|I present here an extract of correspondence between myself and Miles Russell, Senior Lecturer in Archaeology, School of Conservation Sciences, Bournemouth University. He excavated some of Wolstonbury in 1995, and discovered the nearby Mile Oak Henge.
> The report on the web seems to conclude that it is a Bronze Age
> enclosure, while the interim report states that 'of all the
> Wolstonbury C interpretations, that of Late Neolithic/ Early Bronze
> Age henge monument, is by far the most plausible.' Is this still your take on it?
[Miles Russell] the most plausible interpretation, from the C14 dates supplied (approximating around 1000 BC) is that the section of ditch sampled in 1995 dates from the later Bronze Age, but this doesn't explain the exterior bank - There may well be an earlier (henge) phase at Wolstonbury (and only further examination would prove or disprove this) reworked and modified in the Later Bronze Age - it's certainly an anomalous (not to say mysterious) site and I'd love it to be a henge dominating the concentration of Late Neolithic material in the Brighton area of the South Downs, but more work really needs to be done here.
>The things that turned me off the henge
> idea were location and size (although, as you rightly point out, there are henges on hilltops and of comparable size and larger), plus the lack of similar monuments in Sussex.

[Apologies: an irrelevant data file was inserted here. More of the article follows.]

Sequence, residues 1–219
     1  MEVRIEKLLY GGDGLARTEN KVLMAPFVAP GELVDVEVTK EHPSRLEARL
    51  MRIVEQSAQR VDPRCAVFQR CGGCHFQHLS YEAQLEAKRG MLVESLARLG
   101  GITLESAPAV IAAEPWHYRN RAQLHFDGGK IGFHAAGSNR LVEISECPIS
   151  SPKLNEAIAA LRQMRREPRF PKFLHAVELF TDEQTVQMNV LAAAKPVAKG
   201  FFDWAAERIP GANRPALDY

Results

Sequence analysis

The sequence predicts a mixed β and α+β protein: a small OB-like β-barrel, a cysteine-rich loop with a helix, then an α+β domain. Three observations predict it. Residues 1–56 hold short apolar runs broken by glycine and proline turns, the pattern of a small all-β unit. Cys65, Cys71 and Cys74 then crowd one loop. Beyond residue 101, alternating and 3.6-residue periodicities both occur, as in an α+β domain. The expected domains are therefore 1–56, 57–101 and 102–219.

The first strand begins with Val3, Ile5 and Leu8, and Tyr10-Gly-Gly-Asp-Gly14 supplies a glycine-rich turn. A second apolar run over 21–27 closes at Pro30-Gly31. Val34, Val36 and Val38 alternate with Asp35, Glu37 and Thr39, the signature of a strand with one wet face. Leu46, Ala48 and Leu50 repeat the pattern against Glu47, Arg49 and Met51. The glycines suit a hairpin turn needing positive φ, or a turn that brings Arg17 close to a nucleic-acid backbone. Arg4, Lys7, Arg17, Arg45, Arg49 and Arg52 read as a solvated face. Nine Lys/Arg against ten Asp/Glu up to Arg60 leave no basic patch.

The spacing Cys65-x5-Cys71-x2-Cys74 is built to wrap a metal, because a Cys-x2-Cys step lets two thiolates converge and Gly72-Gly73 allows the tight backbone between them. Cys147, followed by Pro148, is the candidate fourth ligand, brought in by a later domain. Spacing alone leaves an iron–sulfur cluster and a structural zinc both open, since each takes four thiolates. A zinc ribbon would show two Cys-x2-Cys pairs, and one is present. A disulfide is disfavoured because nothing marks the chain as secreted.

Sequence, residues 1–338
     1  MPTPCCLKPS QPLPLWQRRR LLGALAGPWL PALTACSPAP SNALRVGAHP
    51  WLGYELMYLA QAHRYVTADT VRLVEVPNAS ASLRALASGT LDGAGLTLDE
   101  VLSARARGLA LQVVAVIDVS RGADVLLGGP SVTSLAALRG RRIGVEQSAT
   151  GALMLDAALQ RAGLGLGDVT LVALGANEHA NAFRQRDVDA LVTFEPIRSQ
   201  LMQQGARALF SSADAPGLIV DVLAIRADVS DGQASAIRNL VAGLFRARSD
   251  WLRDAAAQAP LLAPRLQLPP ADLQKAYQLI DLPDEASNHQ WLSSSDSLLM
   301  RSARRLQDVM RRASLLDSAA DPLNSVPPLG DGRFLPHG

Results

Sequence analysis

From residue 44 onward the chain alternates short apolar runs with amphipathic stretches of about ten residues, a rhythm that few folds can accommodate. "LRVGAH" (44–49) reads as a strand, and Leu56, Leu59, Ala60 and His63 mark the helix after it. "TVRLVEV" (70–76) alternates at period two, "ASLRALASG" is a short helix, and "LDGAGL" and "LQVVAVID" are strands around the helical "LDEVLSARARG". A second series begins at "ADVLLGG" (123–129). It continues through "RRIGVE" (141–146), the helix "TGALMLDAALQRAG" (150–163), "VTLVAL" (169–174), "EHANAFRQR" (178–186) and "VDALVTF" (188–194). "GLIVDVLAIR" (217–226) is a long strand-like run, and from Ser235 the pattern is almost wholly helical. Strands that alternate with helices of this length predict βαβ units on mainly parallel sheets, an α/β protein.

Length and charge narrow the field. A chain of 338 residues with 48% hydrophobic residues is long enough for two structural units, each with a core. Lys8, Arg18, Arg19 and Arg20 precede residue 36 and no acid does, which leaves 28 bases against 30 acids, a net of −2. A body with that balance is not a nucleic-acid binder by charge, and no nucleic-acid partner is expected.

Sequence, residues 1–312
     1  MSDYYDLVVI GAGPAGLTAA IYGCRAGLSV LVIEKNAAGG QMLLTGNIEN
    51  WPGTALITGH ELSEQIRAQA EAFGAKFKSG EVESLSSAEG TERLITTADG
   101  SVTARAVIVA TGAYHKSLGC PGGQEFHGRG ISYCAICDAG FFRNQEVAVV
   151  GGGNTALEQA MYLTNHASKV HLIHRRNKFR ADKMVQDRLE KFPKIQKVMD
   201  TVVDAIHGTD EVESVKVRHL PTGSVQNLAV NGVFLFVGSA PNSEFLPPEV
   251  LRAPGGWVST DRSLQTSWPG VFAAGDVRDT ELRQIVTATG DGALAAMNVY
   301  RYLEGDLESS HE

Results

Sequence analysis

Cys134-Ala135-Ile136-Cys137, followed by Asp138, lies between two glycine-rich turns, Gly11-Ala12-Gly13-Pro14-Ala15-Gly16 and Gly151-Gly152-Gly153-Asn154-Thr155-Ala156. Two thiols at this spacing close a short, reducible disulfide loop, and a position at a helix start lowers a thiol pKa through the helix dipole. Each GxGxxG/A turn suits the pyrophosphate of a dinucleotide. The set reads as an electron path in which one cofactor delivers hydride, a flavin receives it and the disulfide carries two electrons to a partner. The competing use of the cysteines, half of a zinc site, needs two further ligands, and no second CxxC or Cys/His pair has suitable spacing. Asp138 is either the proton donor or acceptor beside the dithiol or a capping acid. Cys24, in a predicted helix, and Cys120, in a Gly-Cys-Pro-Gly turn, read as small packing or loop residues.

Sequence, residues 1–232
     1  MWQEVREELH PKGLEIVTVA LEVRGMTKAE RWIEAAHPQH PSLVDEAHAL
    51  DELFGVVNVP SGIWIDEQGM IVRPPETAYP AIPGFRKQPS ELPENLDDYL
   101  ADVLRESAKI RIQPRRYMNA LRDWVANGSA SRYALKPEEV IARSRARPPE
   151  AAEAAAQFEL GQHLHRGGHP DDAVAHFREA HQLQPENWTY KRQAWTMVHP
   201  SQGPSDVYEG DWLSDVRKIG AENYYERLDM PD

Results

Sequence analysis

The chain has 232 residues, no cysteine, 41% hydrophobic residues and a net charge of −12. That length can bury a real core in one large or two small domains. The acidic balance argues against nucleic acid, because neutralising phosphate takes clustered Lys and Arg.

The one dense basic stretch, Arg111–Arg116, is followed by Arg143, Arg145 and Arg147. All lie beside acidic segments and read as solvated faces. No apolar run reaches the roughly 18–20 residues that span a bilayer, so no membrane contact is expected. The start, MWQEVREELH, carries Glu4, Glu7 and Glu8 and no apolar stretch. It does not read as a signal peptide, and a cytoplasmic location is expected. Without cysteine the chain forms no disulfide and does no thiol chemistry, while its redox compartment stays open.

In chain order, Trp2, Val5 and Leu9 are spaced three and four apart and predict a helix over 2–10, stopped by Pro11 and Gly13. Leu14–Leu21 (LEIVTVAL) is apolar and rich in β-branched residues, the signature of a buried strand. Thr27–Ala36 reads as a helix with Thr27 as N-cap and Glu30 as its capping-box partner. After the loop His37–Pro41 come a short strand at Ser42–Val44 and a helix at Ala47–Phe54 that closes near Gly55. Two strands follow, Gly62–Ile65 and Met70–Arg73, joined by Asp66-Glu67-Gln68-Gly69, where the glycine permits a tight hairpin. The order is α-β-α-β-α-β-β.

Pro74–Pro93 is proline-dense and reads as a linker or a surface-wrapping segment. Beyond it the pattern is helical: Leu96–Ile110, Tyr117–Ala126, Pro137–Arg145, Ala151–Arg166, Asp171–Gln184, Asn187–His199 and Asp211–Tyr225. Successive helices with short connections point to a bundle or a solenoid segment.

[Miles Russell] certainly the location is unlike most other henges, but the size and basic form are spot on
> I also thought that if you were going to build a henge, you would go
> to the trouble of clearing away the old field lynchets (if that's what
> they are) that are in the center! If the site is ceremonial/ non-utiliarian, do you think the use of the 3 earthworks may be related, with the monument being expanded over time to accommodate a growing population?
[Miles Russell] problem is the field banks are themselves undated (and very poorly preserved). The lynchets could conceivably be later, their shape reflecting that of the enclosure banks already in existence
>And what about Mile Oak? I have to admit to not having heard of this site before and it rather blows my 'no Sussex henges' theory out of the water! Do you still feel this is definitely a henge? I would be keen to see any reports you may have on that site. Is it visitable, or buried under the A27?
[Miles Russell] Mile Oak is definitely a henge. Sadly it was destroyed by the A27 (its position is close to the eastbound lay-by as you emerge from the Southwick tunnel heading into Brighton). The site report, written in 1991, was finally published by English Heritage as part of the A27 archaeological report entitled "Downland settlement and land-use" edited by David Rudling in 2002. I don't possess an electronic copy of the report (sadly) and as I recall the finished tome is expensive- £30 I think (though it may now be discounted) - last saw it advertised on the Oxbow Books website
but I imagine that most reference libraries in Sussex have a copy. There must be other similar sites on the chalk, they just have yet to be found!
Many Thanks to Miles Russell for taking the time to answer these questions.
Posted by danielspaniel
10th May 2005ce
Edited 10th May 2005ce